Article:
DOG TUGGING TIPS & COMMON TUGGING MISTAKES: How to get your dog to tug using these tugging solutions

we're back with another training video in this video 
we're going to give some solutions to the problems   you might be experiencing when you're playing 
tug with your dog some togs some togs stay tuned so some togs togs why am I saying  we often work with people that are really 
struggling to get their dogs into a game of   tug with them some of the common problems that we 
come across we're going to cover in today's video   but not only that we're going to talk you through 
some of the solutions to those problems before we   get started if you're struggling to get your dog 
to play then be sure to check out the other videos   in this toy play series and follow those steps 
first one of the common problems that we often   come across when people are trying to get their 
dogs to play is them inadvertently putting too   much pressure on them so they're waving the toy in 
the dog's face they're bashing it off of the floor   trying to gain their focus for some dogs what that 
can inadvertently do is put too much pressure on   them and rather than getting them to want to play 
it can actually have the opposite effect on them so the solution to this is to use an 
alternative method to get your dog   interested in the toy this alternative method is 
to use a longer chaser type toy such as the one   Craig has got here and creating chase with the toy 
rather than bringing the toy closer to your dog   for some tips and techniques of how to get your 
dog interested in chasing a toy please refer   back to the second video in this toy play series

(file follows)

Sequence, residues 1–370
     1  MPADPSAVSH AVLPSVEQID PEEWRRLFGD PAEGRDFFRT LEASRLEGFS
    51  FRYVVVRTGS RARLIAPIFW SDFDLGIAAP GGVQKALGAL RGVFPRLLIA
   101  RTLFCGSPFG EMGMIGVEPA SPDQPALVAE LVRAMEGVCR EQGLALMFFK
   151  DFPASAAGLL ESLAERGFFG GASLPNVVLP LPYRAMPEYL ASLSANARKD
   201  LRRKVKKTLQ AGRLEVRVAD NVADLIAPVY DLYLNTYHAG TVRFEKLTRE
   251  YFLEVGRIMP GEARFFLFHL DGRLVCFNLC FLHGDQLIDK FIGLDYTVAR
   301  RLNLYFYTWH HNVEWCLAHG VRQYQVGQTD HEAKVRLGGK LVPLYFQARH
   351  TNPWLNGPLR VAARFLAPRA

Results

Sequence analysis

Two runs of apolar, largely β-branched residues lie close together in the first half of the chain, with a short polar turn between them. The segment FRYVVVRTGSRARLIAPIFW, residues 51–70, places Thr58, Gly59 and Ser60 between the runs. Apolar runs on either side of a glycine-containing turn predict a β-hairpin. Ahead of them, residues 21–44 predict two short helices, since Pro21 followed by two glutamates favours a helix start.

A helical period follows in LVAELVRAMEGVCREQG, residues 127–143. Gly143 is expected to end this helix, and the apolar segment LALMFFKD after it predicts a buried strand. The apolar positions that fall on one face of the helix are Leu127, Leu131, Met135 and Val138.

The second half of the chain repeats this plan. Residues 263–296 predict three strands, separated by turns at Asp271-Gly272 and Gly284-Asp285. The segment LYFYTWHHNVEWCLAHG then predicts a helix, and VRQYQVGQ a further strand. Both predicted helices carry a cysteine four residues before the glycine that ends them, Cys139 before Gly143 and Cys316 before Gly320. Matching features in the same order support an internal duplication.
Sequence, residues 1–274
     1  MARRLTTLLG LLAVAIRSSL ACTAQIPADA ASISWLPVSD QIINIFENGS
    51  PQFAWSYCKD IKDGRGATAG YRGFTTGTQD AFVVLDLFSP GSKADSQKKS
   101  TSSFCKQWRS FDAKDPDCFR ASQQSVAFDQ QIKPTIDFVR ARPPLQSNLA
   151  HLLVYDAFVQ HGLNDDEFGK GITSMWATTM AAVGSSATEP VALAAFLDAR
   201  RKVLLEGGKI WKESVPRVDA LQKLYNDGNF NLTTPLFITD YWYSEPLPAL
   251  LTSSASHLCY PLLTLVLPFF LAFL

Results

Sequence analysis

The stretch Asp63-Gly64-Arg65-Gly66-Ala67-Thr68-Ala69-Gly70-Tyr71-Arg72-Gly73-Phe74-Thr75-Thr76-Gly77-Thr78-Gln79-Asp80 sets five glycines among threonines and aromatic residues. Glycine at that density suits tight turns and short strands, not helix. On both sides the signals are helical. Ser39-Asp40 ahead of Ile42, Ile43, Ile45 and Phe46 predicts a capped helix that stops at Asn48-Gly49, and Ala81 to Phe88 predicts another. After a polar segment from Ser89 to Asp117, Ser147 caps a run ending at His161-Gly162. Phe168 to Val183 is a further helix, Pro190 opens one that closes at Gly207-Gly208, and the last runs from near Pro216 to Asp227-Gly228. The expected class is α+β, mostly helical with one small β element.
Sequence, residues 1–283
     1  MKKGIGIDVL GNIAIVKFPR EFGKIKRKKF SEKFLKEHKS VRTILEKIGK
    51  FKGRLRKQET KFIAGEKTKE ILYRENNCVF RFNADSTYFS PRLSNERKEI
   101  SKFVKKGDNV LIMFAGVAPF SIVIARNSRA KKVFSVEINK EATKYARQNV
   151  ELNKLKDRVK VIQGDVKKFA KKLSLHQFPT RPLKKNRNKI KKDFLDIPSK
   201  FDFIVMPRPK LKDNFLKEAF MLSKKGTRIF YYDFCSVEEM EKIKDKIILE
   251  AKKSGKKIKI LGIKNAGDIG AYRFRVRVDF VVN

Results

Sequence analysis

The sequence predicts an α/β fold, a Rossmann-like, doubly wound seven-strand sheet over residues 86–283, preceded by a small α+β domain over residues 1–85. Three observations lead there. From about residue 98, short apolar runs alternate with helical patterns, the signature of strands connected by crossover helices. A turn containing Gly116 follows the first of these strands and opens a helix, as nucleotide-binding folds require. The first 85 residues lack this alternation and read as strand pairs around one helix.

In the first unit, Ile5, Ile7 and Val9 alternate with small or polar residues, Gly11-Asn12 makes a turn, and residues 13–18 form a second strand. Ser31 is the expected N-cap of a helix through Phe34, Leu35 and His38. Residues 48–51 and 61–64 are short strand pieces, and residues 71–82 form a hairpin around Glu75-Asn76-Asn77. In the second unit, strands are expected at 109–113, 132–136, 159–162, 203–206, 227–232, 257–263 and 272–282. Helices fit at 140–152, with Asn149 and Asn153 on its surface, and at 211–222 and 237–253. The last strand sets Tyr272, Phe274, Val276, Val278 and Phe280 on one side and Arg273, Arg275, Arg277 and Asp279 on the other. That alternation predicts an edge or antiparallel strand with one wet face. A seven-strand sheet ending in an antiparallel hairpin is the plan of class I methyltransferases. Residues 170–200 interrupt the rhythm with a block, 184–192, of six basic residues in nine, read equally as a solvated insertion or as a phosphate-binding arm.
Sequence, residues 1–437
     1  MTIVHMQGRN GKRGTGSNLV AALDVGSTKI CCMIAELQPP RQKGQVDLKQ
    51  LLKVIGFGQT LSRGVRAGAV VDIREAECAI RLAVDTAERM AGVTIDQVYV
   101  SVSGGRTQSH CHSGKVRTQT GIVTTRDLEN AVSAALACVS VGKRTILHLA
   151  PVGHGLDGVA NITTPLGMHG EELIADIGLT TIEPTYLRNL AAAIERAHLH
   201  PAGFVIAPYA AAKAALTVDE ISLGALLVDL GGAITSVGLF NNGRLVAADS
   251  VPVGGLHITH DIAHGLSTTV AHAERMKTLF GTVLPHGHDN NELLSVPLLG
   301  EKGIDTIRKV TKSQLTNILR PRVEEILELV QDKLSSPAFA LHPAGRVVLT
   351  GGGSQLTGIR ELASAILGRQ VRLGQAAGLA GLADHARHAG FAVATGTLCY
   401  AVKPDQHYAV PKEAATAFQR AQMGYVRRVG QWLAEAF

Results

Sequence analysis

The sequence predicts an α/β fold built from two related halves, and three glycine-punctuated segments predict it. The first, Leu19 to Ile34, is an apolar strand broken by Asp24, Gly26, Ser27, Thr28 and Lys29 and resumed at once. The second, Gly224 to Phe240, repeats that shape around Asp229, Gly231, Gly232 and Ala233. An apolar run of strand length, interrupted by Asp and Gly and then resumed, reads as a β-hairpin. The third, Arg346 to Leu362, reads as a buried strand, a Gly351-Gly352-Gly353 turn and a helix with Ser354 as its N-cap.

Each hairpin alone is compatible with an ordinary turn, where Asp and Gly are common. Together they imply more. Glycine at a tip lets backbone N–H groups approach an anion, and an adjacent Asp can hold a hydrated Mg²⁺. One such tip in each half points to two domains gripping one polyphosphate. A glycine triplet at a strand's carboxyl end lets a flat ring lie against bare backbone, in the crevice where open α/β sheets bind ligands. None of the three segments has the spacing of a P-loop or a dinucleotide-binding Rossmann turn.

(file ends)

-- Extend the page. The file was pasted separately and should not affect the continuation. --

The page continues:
where we walk you through exactly how to do that   Craig is demonstrating how creating chase 
with the toy is more motivating for Zen   rather than him going up to him 
and wiggling the toy in his face   we thought we'd show toy chase with Isla
as well as Zen because Isla is much smaller   but as you can see no matter the size of the 
dog creating chase is really motivational   rather than going towards the dog with the 
toy chase creates much more motivational play another problem that we come across all of the 
time is that people are able to get their dogs   to chase after the toy but they actually have a 
lot of issue with the dog gripping onto the toy   so they can create a tug the reason some 
dogs can't grip onto the toy is because   during the tug their owners are pulling too hard 
on the tug so it slips out of their dog's mouth so   sometimes what people do is when their dog grips 
onto the toy they'll yank away like Marita just   said or what they'll do is they'll grab onto the 
toy pull their elbow right back into their body   and start to jerk up and down the try to 
tugging the dog around so what we're going   to do now show an alternative method to 
help you create a nice tug with your dog so as you can see whilst Marita is tugging with 
Harvey she's keeping her arms nice and straight   and moving in a gentle zigzag pattern to 
keep a moderate amount of tension on the toy another thing that can cause problems 
during tugging is the incorrect use of voice   sometimes people can use just a little bit too 
much voice when they're playing with their dogs   and you can find that rather than it being a 
reinforcing part of the game it can actually   cause their dogs to disengage due to the 
person putting inadvertent pressure on   their dogs however some dogs are the opposite 
and actually need quite a lot of vocals during   play to encourage them to tug my dog Duka 
who we're going to demonstrate in a minute   really enjoys vocals and I use them 
throughout our tug the key is to make   sure that you tailor the amount of voice that 
you use to suit your dog as an individual so Duka is a dog that finds lots of voice really